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that can be influenced by powerful governments (see Chapter 8). Even with the financial crisis likely to persist well into 2010 and beyond, it is clear that governments and nation states are by no means powerless players in the emerging global economic system far from it. Thinking of the richer welfare states in particular, while signs of welfare retrenchment and change have been evident for the past two decades in most nations, it is equally clear that the emergent competition state perceived by Cerny is organised differently in different countries. In other words, change may be affecting the great majority of welfare systems but it is affecting them all differently. If global economic pressures are meant to be forcing a convergence of social and economic policies across different nation states, there is relatively little evidence of this phenomenon. Welfare states may be liberalising (some faster than others) but they continue to retain distinct regime characteristics (see Chapter 7) of their own and are likely to do so in the future (Ellison, 2006). Activity 2.6 Consider the respective positions of hyperglobalisers, sceptics and transformationalists. Write down your understanding of these different positions and then consider how each position can be related to social policy issues. You will be helped in this exercise if you read Held et al., 1999; Hirst et al., 2009, Chapter 1; Cochrane and Pain, 2004; Ellison 2006, Chapters 2 and 3; Yeates, 2007; and Sykes, 2008.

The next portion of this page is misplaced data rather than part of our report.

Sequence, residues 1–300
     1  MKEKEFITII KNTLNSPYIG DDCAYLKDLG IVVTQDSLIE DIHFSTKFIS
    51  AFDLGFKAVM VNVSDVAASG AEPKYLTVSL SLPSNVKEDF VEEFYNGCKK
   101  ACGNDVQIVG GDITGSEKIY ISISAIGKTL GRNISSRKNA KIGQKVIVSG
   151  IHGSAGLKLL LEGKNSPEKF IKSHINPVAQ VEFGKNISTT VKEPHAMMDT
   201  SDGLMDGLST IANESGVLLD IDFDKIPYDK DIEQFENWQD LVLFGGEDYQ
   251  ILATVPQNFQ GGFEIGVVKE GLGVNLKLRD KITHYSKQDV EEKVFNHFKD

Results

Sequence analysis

A reminder of your learning outcomes

Having completed this chapter, and the relevant readings and activities, you should be able to: appreciate that social policy draws on a wide range of social science knowledge understand how different areas of the social sciences contribute to social policy discuss what you consider to be the core elements of social policy and argue that they either do or do not (depending on your views) constitute a definable and meaningful disciplinary area understand the key parameters of social policy and their relevance to the academic study of the subject explain how social policy fits as a subject area within the social sciences explain how different disciplines within the social sciences contribute to the study of social policy demonstrate how social policy is (or is not!) a distinct academic discipline describe the core features of social policy and demonstrate an understanding of their relative significance in the study of the subject demonstrate an understanding of the key parameters of social policy and how they contribute to making an eclectic area of study.


Chapter 2: What is social policy?

Sample examination questions

1. What evidence would you produce to defend the claim that social policy is as much an academic discipline as any of the other subject areas in the social sciences? 2. How necessary is an appreciation of policy making to a developed understanding of social policy? 3. What advantages and disadvantages for the delivery of welfare goods and services do you see in a strong voluntary sector? 4. What are the major reasons for the shift away from the post-war statebased forms of welfare delivery over the past 25 years?